Organizing Chapter Meetings

Meeting Formula

There are a variety of meeting formulas that have been used by existing local chapters; the most traditional of which is an evening speaker meeting. For this type of meeting, the chapter leader will organize one or more speakers to present on one or more topics in a lecture or question & answer format. Needless to say, chapters have adapted this formula in many ways to suit their members or geographic area. Meetings have been organized over breakfast, lunch, or dinner as well as at a bar having a conversation over drinks. Some chapters serve food during the meeting or after the meeting on site, others will invite meeting attendees to a cafe, bar, or restaurant nearby for food and drinks after the meeting. Meetings have been organized as social or networking events, roundtables, panel discussions, or even as a remote presentation.

Chapter leaders are encouraged to try a variety of formats to determine what will be the most successful for their audience and area. Also, it may work best to have a variety of formats throughout the year depending on the speaker and meeting space availability.

Virtual meetings may not be ideal to encourage networking and community building within your local chapter, but they are certainly a good alternative when the chapter is not able to find a venue or having trouble bringing in a speaker. OWASP has a GotoMeeting account already available for chapter leaders (paid by the Foundation and provided for free for the chapters). If you would like to set up a meeting or obtain the GotoMeeting login credentials, contact us.

Before - Planning the Meeting

In order of importance,* these are the key pieces to holding a chapter meeting:

  1. Great speakers / topics
  2. Venue
  3. Date
  4. Promotion

While the order of importance has been debated by chapter leaders, the general consensus appears above. Additional pieces (discussed more below) that some chapter leaders have said are “key” in their regions: sponsors and attendees. The list above is meant to be a starting place and a list of essential items for planning your meeting; it is assumed that once you have these items in place people will attend the meeting and sponsorship will follow thereafter.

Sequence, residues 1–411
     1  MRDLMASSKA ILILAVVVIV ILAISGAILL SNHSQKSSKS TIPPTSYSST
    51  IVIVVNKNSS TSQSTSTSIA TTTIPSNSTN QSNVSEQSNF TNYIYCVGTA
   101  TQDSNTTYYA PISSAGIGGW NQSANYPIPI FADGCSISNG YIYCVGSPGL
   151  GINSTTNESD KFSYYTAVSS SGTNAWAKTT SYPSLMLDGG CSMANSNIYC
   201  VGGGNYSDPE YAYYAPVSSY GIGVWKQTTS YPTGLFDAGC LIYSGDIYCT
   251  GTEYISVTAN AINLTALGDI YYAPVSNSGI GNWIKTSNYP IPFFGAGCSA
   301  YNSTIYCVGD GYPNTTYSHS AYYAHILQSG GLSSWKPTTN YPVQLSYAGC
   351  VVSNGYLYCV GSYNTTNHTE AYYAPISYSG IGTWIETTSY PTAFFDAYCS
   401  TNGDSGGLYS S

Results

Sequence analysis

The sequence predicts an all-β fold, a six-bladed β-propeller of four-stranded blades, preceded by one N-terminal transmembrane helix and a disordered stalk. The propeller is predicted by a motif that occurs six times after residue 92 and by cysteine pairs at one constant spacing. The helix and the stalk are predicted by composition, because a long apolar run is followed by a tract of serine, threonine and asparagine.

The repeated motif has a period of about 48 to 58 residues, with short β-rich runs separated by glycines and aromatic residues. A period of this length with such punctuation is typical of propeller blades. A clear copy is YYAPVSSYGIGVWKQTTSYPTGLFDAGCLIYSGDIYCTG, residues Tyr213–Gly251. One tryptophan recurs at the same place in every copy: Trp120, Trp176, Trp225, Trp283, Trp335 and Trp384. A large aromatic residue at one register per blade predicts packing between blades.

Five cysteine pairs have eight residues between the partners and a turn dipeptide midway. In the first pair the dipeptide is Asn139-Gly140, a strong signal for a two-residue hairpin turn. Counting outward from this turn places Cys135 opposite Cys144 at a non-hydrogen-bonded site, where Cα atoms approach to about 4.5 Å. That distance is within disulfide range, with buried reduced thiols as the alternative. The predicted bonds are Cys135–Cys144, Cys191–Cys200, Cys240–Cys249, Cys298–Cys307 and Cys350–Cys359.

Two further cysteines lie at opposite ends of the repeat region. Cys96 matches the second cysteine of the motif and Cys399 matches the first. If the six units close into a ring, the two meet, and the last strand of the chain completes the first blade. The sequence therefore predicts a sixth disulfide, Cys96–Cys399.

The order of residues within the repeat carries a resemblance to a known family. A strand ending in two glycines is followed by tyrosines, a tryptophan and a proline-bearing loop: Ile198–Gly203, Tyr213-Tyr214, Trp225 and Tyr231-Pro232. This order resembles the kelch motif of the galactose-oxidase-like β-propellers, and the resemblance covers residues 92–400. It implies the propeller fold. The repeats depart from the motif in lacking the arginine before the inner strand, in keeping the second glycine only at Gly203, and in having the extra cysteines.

Getting a Speaker

OWASP chapters are encouraged to get local speakers. Your chapter may also use international speakers, but you will quickly need funds to cover travel costs if the speakers cannot pay for the travel themselves.

One technique for bringing in international speakers is to coordinate your meeting with another event that the speaker may be attending or speaking at nearby. The intended speaker may be willing to arrive early or extend their trip by a day or two to speak at your local meeting.

Also, the OWASP Speakers Project is available to help local chapters or application security conferences to find OWASP related speakers.https://www.owasp.org/index.php/Category:OWASP_Speakers_Project

If you have found an international speaker who is not able to pay for the travel themselves, and your chapter does not have the funds to cover the travel costs, you may be able to apply for “OWASP on the Move” funds (outlined below).

Speaker Agreement

Many chapters do not have every speaker sign the OWASP [Speaker Agreement] as part of their agreement or confirmation for the event. However, if you think OWASP values and principles may be an issue or are concerned that the speaker does not understand the terms of the arrangement, you may consider sending them this speaker agreement: https://www.owasp.org/index.php/Speaker_Agreement

Meeting Venue

There are an infinite number of possibilities for a meeting location - local college, business, library, or even a restaurant or pub. Plan as far in advance as possible - good meeting spaces are often available at little or no cost (local colleges and universities are often willing to give meeting space for free), but they fill up quickly.

Also, it is important to consider accessibility when looking at locations: Where will the attendees park? What is the average travel time for attendees? Is there a security checkpoint? What happens if attendees have not pre-registered, can they still attend? Can you serve food at this location?

While having a permanent or stable meeting location for your chapter meetings may be convenient for planning, it is also important to consider any conflict of interest (or appearance of conflict of interest) your meeting venue may convey. For example: vendor neutrality is one of the core values of OWASP, but this doesn’t necessarily mean that a vendor cannot host a local chapter meeting. As long as the meeting is free and open and doesn’t violate other OWASP principles, a vendor’s office space may be a great location to hold a meeting. That being said, holding every meeting at this vendor’s office to the exclusion of other available and willing venues, may give an appearance of impropriety.

Setting a Date and Time